Codys celebrate a century of farmingIt’s hard to miss the Cody farm, which is located four miles east of New Richmond on Highway 64. It’s the one with the six-foot-tall replica of the “Wizard of Oz’s” Tin Man standing guard at the driveway entrance.
By: Gail Winship, New Richmond News
It’s hard to miss the Cody farm, which is located four miles east of New Richmond on Highway 64. It’s the one with the six-foot-tall replica of the “Wizard of Oz’s” Tin Man standing guard at the driveway entrance.
“People just stop their cars on the highway, get out, take their picture with the Tin Man and then get back in their cars and go on their way,” laughed Jim Cody, owner of the property.
While the Cody farm has stood in that location for 100 years, the Tin Man has only been standing since 2000. That’s when Jim’s nephew, Tom, needed a way to attract attention to his “fix-it shop” located on the property.
“It was an easy way to give directions,” Jim said. “Just go four miles east of town and look for the Tin Man.”
Jim and his wife Arliss were still resting up from their recent trip to Madison as they shared memories and family history in their cozy farmhouse kitchen.
The farmstead was honored with a Century Farm Award at the Aug. 5 Sesquicentennial and Century Farm Awards Program. But the farmhouse where the Codys still live is more than 150 years old. It was built by John Crotty in 1855.
The criteria for recognition as a Century Farm is that the Wisconsin property must have had continuous ownership by a family member for 100 years.
This year the Codys and 98 other properties joined the 8,083 Century Farms that have been recognized since 1948.
“It was nice,” Jim said of the presentation ceremony. “We had a good breakfast and visited with some people we know from the New Richmond area.”
Nonplussed by the accolade, Jim preferred to reminisce about Cody family history on the 120-acre farm where he and his five siblings grew up.
Codys head west
It was 1908 when Jim’s grandparents, Ed and Amelia Cody, moved from Horicon, Wis. to the New Richmond farm.
“With the help of their son John,” Jim said, “my grandparents began constructing a complete set of farm buildings.”
By 1916 the Codys purchased another 160-acre farm in Cylon Township. The family worked together to run both farms over the years until they sold that property in later years.
In 1919 John Cody married Marie Trow from Minneapolis and they welcomed seven children born at the farm between 1920 - 1928. Sadly, their only daughter died in infancy of pneumonia, which left the couple to raise a household of six sons.
John was educated as a teacher, but chose the life of a dairy farmer instead. However, knowing the importance of a good education, he made sure all of his sons: Francis, Charles, Gene, Jim and the twins, Tom and Dick, attended the Meadowvale Country School built in 1878 just down the road from the Cody farm. The boys also graduated from New Richmond High School.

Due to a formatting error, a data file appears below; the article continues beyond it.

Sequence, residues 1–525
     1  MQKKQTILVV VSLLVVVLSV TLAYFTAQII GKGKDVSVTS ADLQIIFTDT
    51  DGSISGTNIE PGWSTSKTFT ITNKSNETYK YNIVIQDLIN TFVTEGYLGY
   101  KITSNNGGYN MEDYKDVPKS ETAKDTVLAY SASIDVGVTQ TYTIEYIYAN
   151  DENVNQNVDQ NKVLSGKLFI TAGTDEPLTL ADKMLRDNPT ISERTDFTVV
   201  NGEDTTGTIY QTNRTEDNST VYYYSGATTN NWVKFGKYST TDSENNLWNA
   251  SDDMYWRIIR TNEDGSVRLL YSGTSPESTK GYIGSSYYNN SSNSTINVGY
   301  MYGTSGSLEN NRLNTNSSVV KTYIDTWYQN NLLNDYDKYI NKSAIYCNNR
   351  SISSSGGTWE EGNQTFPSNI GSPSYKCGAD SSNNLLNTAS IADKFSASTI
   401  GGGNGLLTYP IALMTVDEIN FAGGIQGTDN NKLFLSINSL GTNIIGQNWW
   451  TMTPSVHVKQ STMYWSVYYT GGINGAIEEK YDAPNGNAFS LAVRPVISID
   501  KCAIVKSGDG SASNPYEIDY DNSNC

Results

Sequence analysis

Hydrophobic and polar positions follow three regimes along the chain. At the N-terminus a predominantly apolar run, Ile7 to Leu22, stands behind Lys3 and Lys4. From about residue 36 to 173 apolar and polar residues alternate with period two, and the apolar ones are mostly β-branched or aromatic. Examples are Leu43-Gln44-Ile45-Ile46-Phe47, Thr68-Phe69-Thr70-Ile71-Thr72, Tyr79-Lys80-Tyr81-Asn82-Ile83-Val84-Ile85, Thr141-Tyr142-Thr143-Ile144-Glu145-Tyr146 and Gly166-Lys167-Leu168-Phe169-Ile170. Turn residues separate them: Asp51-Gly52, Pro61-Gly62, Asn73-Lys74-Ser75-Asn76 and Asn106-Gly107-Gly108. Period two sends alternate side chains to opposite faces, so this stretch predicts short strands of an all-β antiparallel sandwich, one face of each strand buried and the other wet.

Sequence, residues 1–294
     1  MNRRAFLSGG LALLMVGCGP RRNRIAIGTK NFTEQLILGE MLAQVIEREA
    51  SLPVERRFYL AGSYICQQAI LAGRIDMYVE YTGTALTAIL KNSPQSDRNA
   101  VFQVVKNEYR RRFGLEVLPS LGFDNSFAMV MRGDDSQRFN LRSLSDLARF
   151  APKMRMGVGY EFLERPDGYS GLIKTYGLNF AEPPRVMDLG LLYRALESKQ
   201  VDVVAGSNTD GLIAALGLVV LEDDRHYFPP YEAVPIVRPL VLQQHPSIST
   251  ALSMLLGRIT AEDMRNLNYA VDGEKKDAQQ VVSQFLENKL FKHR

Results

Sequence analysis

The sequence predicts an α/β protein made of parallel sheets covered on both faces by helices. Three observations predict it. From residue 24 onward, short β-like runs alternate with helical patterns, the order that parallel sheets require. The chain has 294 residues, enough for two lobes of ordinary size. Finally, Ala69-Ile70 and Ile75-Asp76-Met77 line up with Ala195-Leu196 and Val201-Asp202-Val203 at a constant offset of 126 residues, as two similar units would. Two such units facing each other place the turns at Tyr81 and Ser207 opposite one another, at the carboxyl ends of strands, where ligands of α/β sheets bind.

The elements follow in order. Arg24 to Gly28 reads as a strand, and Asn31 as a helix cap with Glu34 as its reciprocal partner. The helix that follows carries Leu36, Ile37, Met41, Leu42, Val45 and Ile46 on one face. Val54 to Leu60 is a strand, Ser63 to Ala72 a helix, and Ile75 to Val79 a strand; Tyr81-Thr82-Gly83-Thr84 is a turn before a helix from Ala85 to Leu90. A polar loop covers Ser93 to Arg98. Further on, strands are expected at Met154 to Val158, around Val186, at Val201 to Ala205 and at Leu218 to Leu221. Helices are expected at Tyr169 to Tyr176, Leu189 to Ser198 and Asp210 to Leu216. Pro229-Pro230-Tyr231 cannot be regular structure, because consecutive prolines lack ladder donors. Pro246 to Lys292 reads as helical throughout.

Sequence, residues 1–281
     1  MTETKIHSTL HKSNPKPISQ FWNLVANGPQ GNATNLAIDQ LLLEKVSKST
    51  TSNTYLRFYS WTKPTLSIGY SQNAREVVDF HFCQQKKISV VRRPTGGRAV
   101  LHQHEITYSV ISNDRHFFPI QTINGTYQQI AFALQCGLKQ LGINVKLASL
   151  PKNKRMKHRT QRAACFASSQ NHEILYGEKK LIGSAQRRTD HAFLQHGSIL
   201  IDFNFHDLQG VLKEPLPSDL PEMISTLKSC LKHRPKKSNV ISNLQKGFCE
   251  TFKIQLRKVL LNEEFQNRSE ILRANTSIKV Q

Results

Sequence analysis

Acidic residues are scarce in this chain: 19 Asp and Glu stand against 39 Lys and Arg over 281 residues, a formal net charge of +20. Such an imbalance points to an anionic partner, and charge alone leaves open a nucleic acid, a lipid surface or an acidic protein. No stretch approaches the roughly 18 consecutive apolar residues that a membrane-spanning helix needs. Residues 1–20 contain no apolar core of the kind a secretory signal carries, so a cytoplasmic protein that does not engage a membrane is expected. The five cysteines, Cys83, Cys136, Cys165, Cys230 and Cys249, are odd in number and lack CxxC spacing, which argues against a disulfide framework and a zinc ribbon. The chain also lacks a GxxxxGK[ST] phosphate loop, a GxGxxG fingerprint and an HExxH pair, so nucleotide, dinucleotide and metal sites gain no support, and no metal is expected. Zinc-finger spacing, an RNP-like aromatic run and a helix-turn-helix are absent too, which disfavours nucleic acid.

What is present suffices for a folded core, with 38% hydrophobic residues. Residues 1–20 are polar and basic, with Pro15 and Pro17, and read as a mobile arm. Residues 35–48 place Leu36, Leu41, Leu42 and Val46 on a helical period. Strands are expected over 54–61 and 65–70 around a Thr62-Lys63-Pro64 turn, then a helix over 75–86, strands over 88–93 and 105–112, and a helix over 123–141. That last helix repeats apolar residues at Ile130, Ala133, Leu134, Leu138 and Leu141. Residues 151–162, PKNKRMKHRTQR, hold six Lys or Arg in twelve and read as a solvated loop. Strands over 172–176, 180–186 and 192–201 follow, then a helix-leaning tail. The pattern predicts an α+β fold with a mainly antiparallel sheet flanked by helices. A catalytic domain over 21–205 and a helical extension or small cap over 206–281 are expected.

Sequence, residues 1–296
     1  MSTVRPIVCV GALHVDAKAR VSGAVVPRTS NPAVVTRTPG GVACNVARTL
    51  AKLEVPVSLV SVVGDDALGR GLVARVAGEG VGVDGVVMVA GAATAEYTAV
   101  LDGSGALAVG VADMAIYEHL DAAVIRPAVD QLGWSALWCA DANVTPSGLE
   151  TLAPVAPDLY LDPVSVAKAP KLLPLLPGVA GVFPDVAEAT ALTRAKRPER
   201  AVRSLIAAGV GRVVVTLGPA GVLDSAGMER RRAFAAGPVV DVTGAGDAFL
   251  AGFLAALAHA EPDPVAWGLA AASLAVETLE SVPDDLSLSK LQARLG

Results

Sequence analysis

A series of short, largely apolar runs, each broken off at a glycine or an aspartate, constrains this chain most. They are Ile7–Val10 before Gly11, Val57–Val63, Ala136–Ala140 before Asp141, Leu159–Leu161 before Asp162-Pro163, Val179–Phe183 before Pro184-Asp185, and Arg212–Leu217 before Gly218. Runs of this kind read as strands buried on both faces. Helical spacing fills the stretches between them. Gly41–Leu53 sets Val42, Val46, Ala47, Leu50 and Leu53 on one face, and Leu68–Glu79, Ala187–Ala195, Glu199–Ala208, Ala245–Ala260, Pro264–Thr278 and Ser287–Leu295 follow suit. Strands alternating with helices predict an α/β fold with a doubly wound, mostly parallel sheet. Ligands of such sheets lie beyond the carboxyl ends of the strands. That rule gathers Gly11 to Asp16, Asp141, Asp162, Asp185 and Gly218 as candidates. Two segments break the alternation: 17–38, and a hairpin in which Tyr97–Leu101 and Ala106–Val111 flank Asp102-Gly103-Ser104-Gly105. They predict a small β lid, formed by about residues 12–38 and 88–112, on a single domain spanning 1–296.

Jim said of growing up during the Great Depression, “we were broke, but never poor because we had our family together and had a nice upbringing.”
Jim’s youth was a time when the family had no money but found ways to entertain themselves.
Days were spent swimming in the Willow River and doing farm chores.
“I recall that in 1936 the drought was so bad the Willow stopped flowing under the bridge on 64 east of what is now the Laurel restaurant,” Jim said.
When Jim was 15 years old, tragedy struck the family when the boys’ father was killed in a farming accident, leaving Marie to raise the boys on her own.
“Losing him (John) impacted our lives,” Jim recalled. “We missed his leadership and his judgment.”
Despite the loss of their father and husband, the family continued to run the farm and the boys continued their education.
Jim graduated from high school in 1945 and shortly thereafter, when he was just 20 years old, he purchased farmland that abutted the original Cody farm to the east.
A friend who had taken an interest in young Jim loaned him the $4,500 to buy the 120-acre parcel, which is still part of the current 240-acre Cody farm.
When Jim married Arliss in 1952 he brought his bride to the Cody farm to live. They raised three children, David, Mary (Anderson) and Jeannie, on the farm.
Not long after Jim and Arliss were married, a spectacular storm caused the young couple to begin again almost immediately.
“On Aug. 15, 1954 a storm destroyed the John Bernd barn down the road and proceeded eastward, taking two other barns with it,” recounted Jim. “The barn on the farm next to ours had been built just one month prior to the storm.”
Jim was in the milkhouse with his younger brother Dick when the storm hit. He recalled that the force of the storm destroyed every building on the Cody farm except the house and the milkhouse, which was made of block.
“My brothers helped me rebuild the barn, which took until about mid-October” Jim said. “The rest of the buildings I rebuilt myself.”
Jim rebuilt two machine sheds, two harvester silos and a garage.
With the farm rebuilt, the family continued to work in the dairy business until 1995.
“After 50 years in the dairy business we sold the herd in favor of a less strenuous life,” Jim said. “We raised corn and soybeans from 1995 - 2005. Now our nephew, Tom Cody, runs that operation and has a fix-it shop on the property.”
Jim and Arliss have shared their love for farming with their four grandsons, Erik and Brett Anderson, Christian Cody and Andrew McCormick.
“They have all spent time on the farm picking rock and unloading hay bales,” Jim said. “They’ve spent enough time doing farm chores to get an education. All the boys will be going to college this year.”
As Jim looks back on the history of the farm and his family, he reflects that “all things considered, Arliss and I feel as though up to this point we’ve had a wonderful life. We are lucky to live in a great community surrounded by nice neighbors.”